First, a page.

Orla Barry the hero in Rio as she takes silver in discus

Orla Barry of Ireland in action during the Women's Discus F57 Final at the Olympic Stadium during the Rio 2016 Paralympic Games
Picture by Sportsfile 
Malcolm McCausland

ORLA BARRY added Ireland’s eighth medal of the 2016 Paralympics in Rio when she finished second in the women’s F57 Discus.

It brought the Irish haul to eight; four gold, two silver and two bronze; meeting the target set by Paralympics Ireland before the Games. However, it still falls well short of the 16 achieved in London four years ago. Barry was one of those medallists in London, taking third in discus, but improved to the silver medal position yesterday after being second for most of the competition with her best throw of 30.06m coming in the third round.

Algeria’s world record holder Nassima Saifi was the winner of the competition with a best effort of 33.33m that also came in the third round: “Everybody who comes here is coming to win a medal,” said Barry.

“There’s nobody here for the day out. To be able to go home with a medal is fantastic. It’s not a personal best, there is more in me, but any day I can throw over 30 is a good day really. I am gaining on her (Nassima Saifi) all the time and the plan is to close the gap and maybe some day take her down. We’ll have to put more work in and see where we can get more distance out of it.”

The Cork woman, who celebrates her 27th birthday next week, has been competing for ten years and finished fifth in Beijing before taking the bronze in London. She was runner-up at the IPC World Championships in 2013 and bronze at the Worlds in Doha last year.

The amputee picked up her first international gold this summer at the Europeans in Grosseto. Meath man Paul Keogan was also in action at the athletics stadium. After struggling all summer to be fit for the Games, he suffered the misfortune of being disqualified from the heat of his T37 400m due to a false start.

It was the only event that the Cushinstown athlete was contesting in Rio and now will have the long journey home to reflect on what went wrong. Ellen Keane made a swift return to the pool at the Maria Lenk Aquatics Centre after her bronze in the SB8 100m breaststroke final on Wednesday night.

It was the 21-year-old Dubliner’s first Paralympic medal and came at her third Games after drawing blanks in both Beijing and London. Yesterday Keane produced a surging last 50m to finish second in her S9 100m butterfly heat and reach the final that was held late last night.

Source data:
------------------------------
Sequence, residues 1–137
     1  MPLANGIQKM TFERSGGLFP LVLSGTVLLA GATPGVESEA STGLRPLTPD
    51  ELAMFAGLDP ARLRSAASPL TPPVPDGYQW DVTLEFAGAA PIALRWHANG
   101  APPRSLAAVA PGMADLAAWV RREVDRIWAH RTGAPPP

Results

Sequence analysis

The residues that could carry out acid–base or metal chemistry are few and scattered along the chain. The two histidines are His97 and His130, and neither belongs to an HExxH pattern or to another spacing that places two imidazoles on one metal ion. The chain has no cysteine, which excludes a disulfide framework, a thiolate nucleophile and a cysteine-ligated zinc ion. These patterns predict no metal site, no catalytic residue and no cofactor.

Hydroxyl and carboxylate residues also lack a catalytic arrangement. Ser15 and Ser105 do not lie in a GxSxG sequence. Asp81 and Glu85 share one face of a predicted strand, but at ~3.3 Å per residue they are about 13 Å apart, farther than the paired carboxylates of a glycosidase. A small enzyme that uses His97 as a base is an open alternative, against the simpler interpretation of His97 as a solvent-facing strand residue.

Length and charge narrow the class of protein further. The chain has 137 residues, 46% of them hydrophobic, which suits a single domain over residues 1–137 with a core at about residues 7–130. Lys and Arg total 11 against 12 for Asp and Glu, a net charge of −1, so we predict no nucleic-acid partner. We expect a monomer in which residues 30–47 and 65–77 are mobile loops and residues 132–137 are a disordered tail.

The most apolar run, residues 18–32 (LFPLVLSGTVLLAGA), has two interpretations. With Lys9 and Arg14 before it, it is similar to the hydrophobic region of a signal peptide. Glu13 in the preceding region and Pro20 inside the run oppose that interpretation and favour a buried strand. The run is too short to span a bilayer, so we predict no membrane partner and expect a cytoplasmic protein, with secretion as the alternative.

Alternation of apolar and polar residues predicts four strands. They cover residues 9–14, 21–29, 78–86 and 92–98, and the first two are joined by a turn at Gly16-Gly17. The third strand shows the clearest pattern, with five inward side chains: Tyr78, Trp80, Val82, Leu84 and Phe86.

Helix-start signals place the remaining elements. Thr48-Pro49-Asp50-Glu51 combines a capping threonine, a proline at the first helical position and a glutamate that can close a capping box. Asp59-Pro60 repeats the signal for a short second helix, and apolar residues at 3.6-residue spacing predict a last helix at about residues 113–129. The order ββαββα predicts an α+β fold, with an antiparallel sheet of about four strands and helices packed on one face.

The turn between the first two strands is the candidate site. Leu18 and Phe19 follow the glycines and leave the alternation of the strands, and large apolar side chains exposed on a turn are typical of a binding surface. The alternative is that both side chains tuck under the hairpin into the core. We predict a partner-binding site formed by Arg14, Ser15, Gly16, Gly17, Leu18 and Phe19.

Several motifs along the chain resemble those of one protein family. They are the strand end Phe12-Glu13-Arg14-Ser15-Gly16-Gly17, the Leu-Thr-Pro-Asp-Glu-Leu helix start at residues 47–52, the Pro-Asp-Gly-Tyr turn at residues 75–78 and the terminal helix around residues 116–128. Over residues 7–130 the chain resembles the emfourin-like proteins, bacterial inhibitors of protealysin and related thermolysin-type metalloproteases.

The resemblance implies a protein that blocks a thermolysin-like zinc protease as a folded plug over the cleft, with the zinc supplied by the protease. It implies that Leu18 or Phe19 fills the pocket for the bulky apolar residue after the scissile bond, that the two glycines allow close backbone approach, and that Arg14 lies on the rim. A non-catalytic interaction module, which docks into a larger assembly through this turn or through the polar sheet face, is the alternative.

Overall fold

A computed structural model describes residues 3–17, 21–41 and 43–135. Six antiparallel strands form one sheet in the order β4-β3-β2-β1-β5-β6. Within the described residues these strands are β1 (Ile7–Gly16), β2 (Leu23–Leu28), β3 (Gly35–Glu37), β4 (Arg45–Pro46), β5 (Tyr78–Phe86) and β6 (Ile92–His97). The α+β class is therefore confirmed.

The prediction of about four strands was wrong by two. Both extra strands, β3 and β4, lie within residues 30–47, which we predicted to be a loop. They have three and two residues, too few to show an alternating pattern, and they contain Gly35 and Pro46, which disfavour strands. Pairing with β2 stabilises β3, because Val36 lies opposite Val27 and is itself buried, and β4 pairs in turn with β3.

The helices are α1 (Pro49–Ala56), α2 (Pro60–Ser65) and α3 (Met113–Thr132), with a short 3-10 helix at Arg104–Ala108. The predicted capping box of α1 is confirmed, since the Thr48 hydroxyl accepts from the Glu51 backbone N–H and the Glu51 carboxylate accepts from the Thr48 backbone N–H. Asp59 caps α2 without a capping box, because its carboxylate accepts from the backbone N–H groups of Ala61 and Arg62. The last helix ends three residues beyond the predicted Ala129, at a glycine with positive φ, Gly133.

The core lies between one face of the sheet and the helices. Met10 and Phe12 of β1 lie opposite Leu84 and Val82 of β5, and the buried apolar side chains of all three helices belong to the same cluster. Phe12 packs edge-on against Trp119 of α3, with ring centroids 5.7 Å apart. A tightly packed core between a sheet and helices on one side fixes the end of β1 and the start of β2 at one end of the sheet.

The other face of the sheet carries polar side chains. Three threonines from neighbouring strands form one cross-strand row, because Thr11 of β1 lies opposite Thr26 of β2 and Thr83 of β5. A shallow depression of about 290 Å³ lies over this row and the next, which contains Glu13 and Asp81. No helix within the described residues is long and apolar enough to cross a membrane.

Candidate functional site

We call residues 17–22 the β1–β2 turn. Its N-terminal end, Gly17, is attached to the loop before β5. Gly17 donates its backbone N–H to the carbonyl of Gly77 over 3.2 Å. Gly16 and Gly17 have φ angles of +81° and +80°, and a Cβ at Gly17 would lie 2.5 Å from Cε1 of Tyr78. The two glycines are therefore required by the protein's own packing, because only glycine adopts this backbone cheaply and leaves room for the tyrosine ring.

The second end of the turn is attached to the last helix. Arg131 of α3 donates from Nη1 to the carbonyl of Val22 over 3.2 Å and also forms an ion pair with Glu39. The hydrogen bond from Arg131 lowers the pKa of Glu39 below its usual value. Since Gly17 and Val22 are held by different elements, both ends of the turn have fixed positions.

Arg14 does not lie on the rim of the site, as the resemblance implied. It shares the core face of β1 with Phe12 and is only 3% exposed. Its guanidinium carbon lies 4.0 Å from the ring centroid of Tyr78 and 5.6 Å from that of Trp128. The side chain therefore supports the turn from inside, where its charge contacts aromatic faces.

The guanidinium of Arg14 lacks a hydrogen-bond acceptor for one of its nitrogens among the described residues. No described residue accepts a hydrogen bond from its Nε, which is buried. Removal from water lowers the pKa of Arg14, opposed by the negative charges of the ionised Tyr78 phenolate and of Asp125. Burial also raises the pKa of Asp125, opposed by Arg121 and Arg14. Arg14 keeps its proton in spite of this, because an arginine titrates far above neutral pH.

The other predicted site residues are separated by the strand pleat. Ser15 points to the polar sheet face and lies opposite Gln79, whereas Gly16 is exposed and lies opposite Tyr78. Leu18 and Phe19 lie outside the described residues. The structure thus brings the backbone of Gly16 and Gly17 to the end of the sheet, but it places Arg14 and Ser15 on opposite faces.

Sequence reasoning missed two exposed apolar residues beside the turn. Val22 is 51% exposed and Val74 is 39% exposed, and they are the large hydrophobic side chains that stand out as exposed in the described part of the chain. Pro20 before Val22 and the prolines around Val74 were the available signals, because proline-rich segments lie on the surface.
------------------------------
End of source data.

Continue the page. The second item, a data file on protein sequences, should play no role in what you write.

The seemingly indefatigable Nicole Turner was also back in the pool and the Portarlington 14-year-old did enough to reach an incredible fifth final of the Games in the SB6 100m Breaststroke. Patrick O’Leary finished sixth in the KL3 Canoe final in Rio despite clocking his fastest time of his debut Paralympic Games.

The NUI Galway lecturer finished third in his heat, third again in the semis before producing his best performance to date to take a creditable sixth in the final. In hand-cycling, Ciara Staunton was well off the pace in the H2-4 road race finishing in 14th spot and sailors John Twomey, Ian Costelloe and Austin O’Carroll remain back in 11th overall after races seven and eight of the sonar class competition.

Katie Morrow saw her hopes of a gold medal disappear in the women’s wheelchair basketball as Great Britain lost to the USA 78-89 in the semi-final. The Kells 16-year-old girl can now look forward to a winner-take-all match on Saturday, probably against the Netherlands, for the bronze medals. On Wednesday night, Seaforde swimmer Bethany Firth added a silver to the two gold medals she has already won in Rio. That has made her Great Britain’s most successful athlete to date at the Games.

The 20-year-old led at the halfway point of the S14 100m Breaststroke final but was overhauled by Spain’s Michelle Alonso Morales who had also beaten Firth in the European championships earlier this year: “I am so pleased to get a personal best in this event and I am over the moon with a silver,” said Firth.

“Those girls I was racing against are specialists in breaststroke so to go against them in my ‘fun’ event was really exciting. I have had to do a lot more events than other swimmers so to get silver, I could not ask for more. I have not had a season’s best in that event this season, so hopefully this is the gala where I get it.”

Firth, who competes in the S14 classes for swimmers with an intellectual disability, still has one of her stronger events, the 200m individual medley, to come tomorrow. Firth clinched the 100m backstroke gold for Ireland in London and a year later went on to win three silver medals at the IPC World Championships in Montreal before switching allegiance to Great Britain.


Eoghan Clifford and Colin Lynch (Cycling – C1-3 Road Race)
1.52pm: Ellen Keane (Swimming – S9 100m Back Heats)
2.25pm: Paul Keogan (Athletics – T37 400m final)
5.30pm: Sonar sailors (Sailing – Race 9)
6.10pm: Helen Kearney (Equestrian – Grade 1a freestyle championship)
7pm: Sonar Sailors (Sailing – Race 10)
9.50pm: Ellen Keane (swimming – S9 100m back final*)
*Subject to athletes’ progression


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